Take the Web approach to create a social/news/information network. It’s so much more than a Web site. This must be a place the community thinks it owns. Remember the words “my newspaper”? Now you hear “my Facebook page”. You want people to think that way about this network. You want them to use it so much that they can’t figure out how they lived without it. (Talk to iPhone fanatics for inspiration. See how people use Craftster or Marketwatch and the Marketwatch Community.)

Map the communities. Find all relevant people and organizations that move and shake in a geographic-based community, or who push or put the brakes on issues in topic-based communities. Find out how the community works, how it communicates, what they need, what they want fixed. All that information gets organized into a Web shell of useful and user-friendly databases, resources, links, maps, etc. You don’t have to complete it before launch. Leave some for the community to add to and finish up.

Then, set up the site. Make the community the visual and functional engine. That means the site is a social network first. Big and prominent on the site is an easy sign-up. Free of charge. People have their own blogs, they form groups, they have discussions, they plan events, they buy and sell, give away and pick up, volunteer and ask for help. Anyone can look at anything on the site for free. People have to provide a real email address and their name if they want to participate. Their membership photos are on the home page. So are their blogs, links to their groups and their discussions.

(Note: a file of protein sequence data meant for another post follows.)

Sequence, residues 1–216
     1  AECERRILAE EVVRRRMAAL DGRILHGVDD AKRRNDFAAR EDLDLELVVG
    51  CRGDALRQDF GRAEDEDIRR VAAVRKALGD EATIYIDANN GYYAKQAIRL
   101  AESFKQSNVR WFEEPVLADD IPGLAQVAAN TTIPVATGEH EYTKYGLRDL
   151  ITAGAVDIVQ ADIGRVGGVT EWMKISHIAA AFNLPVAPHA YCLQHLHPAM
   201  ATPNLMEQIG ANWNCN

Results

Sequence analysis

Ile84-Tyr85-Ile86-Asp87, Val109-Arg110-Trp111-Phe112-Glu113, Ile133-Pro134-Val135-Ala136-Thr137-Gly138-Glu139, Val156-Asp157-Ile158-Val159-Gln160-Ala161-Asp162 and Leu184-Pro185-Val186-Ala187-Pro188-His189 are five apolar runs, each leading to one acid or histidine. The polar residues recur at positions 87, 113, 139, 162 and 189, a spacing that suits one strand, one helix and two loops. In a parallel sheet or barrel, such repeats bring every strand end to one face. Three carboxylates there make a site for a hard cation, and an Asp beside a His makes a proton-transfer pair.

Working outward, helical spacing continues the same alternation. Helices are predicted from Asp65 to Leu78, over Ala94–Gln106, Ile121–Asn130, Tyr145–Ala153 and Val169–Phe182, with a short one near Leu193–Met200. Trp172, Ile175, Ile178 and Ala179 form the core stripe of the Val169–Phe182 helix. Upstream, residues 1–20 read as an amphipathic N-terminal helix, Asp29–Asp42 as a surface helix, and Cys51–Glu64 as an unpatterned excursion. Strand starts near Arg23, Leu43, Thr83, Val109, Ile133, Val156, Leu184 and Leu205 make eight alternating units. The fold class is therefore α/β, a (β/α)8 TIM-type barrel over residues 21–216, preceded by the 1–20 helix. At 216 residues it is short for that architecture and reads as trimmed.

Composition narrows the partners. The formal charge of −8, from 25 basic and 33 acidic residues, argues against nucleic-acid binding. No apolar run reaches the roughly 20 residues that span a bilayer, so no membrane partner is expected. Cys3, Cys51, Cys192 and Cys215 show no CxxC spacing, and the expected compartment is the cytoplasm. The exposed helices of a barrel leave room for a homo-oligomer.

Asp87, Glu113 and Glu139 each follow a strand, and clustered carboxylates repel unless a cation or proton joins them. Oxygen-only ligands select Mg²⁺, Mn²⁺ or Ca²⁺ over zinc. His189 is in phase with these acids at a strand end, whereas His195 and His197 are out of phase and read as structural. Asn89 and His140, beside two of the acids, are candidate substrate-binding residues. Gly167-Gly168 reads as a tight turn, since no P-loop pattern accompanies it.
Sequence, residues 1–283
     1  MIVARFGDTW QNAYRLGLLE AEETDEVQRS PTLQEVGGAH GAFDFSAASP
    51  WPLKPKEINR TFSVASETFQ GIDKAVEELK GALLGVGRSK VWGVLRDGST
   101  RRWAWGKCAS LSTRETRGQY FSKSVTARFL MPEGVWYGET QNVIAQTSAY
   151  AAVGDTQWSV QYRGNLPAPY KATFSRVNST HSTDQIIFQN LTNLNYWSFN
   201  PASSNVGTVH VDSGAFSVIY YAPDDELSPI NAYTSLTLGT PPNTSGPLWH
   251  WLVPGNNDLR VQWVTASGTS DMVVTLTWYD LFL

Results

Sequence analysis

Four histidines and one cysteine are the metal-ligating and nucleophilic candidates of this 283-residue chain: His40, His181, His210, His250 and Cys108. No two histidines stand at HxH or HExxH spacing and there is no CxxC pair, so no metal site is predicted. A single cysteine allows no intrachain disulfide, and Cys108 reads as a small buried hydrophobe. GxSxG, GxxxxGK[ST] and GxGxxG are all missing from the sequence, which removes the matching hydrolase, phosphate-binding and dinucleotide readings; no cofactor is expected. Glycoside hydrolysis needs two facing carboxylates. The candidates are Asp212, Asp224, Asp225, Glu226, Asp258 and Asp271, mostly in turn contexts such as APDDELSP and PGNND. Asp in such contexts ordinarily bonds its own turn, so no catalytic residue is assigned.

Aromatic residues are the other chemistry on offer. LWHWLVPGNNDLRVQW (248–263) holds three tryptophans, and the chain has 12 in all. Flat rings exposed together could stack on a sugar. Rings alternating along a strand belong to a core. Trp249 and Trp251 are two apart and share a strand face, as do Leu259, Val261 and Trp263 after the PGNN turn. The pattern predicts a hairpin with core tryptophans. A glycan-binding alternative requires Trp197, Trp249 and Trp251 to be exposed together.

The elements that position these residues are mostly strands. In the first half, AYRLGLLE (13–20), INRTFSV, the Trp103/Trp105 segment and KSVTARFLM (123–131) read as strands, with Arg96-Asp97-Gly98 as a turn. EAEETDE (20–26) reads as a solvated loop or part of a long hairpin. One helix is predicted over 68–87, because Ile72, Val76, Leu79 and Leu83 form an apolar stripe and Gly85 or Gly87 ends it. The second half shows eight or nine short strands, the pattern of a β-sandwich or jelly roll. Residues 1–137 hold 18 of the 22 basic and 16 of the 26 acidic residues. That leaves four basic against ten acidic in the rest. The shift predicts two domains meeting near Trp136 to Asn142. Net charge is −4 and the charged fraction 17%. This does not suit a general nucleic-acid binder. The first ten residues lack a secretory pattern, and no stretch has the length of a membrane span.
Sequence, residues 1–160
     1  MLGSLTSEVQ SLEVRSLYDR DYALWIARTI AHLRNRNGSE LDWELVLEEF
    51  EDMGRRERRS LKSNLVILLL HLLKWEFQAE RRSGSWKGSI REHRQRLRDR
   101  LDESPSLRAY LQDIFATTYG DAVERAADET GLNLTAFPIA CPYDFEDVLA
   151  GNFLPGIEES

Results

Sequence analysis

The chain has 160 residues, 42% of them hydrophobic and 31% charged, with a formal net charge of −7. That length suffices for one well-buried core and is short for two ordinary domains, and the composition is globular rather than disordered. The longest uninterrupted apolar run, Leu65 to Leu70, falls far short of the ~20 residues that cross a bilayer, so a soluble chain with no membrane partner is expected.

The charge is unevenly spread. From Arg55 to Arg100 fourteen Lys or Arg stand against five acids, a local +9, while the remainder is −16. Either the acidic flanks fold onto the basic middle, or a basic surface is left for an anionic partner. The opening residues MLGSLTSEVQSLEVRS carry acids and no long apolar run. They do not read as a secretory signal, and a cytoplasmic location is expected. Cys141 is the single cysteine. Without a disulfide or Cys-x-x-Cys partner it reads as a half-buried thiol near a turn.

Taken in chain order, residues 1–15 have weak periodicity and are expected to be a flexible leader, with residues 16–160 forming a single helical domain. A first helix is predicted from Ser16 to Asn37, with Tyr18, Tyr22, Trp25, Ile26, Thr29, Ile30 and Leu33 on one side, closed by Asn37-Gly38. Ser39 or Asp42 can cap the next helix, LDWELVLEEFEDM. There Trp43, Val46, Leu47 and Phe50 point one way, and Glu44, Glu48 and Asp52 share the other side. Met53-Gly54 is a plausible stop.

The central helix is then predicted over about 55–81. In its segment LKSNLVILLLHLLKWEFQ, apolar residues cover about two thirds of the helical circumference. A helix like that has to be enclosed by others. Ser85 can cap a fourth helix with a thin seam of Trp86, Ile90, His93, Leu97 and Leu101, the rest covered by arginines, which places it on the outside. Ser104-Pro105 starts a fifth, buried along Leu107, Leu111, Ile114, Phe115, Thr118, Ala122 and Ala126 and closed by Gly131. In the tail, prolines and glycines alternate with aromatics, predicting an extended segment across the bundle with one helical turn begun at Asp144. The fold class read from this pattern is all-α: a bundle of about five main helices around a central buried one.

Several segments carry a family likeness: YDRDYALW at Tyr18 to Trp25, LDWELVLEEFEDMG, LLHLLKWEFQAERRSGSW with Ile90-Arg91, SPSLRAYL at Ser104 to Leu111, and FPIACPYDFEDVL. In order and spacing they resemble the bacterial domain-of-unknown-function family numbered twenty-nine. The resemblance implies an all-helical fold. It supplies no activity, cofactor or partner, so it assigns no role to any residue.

The daily job of jurnos is to blog their beats. They post in a Webcentric way — some combination of text, still photos, videos, slide shows, graphics, polls, quizzes — a half-dozen or more times a day. They engage in a conversation with the community, which feeds them information (text, still photos, videos, slide shows, graphics). They ask this question about everything they put on the site: Is it immediate or contextual? Does it pick up or offer a chronological thread? Is it solution-oriented? How can I make this more participatory? Is this something that other communities would be interested in?

Sometimes jurnos do “traditional” iconic storytelling: a multi-part profile or analysis or summary.

The role of the jurno still fulfills important traditions passed down to us from the U.S. Constitution. We are fact-checkers, watchdogs, myth-busters, investigative reporters. Some people worry that if newspapers as we know them disappear, investigative reporting is doomed. In this network structure, I think investigative reporting thrives. In this structure, jurnos are much more involved in their communities, so problems are likely to be noticed sooner and followed more regularly. This approach has a better shot at preventing abuse. The other advantage is that jurnos can ask the community for input as they work on issues of individual or spot corruption or abuse, as TalkingPointsMemo did with the U.S. attorneys scandal.